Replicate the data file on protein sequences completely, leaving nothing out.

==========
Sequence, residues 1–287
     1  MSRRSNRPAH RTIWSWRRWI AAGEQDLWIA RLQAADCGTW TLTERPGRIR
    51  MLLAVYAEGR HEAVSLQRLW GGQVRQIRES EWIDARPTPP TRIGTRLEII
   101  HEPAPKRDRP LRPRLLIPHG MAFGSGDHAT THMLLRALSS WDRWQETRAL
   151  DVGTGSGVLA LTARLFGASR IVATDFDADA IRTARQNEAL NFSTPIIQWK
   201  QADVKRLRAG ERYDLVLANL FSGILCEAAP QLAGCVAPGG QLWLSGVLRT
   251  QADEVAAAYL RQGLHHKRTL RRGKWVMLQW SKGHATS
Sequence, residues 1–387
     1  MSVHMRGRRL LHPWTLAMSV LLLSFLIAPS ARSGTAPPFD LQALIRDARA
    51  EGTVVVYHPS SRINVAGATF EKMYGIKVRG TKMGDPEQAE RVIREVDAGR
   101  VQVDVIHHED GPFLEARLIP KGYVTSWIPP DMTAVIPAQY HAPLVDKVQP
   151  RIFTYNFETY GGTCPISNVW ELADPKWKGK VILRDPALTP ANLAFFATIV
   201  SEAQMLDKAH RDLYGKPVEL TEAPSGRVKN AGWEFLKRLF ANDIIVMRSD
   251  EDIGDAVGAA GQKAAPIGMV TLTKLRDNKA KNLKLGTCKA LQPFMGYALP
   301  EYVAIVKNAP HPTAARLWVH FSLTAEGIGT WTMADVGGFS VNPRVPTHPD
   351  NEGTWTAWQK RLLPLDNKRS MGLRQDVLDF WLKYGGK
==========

Sequence, residues 1–287
     1  MSRRSNRPAH RTIWSWRRWI AAGEQDLWIA RLQAADCGTW TLTERPGRIR
    51  MLLAVYAEGR HEAVSLQRLW GGQVRQIRES EWIDARPTPP TRIGTRLEII
   101  HEPAPKRDRP LRPRLLIPHG MAFGSGDHAT THMLLRALSS WDRWQETRAL
   151  DVGTGSGVLA LTARLFGASR IVATDFDADA IRTARQNEAL NFSTPIIQWK
   201  QADVKRLRAG ERYDLVLANL FSGILCEAAP QLAGCVAPGG QLWLSGVLRT
   251  QADEVAAAYL RQGLHHKRTL RRGKWVMLQW SKGHATS
Sequence, residues 1–387
     1  MSVHMRGRRL LHPWTLAMSV LLLSFLIAPS ARSGTAPPFD LQALIRDARA
    51  EGTVVVYHPS SRINVAGATF EKMYGIKVRG TKMGDPEQAE RVIREVDAGR
   101  VQVDVIHHED GPFLEARLIP KGYVTSWIPP DMTAVIPAQY HAPLVDKVQP
   151  RIFTYNFETY GGTCPISNVW ELADPKWKGK VILRDPALTP ANLAFFATIV
   201  SEAQMLDKAH RDLYGKPVEL TEAPSGRVKN AGWEFLKRLF ANDIIVMRSD
   251  EDIGDAVGAA GQKAAPIGMV TLTKLRDNKA KNLKLGTCKA LQPFMGYALP
   301  EYVAIVKNAP HPTAARLWVH FSLTAEGIGT WTMADVGGFS VNPRVPTHPD
   351  NEGTWTAWQK RLLPLDNKRS MGLRQDVLDF WLKYGGK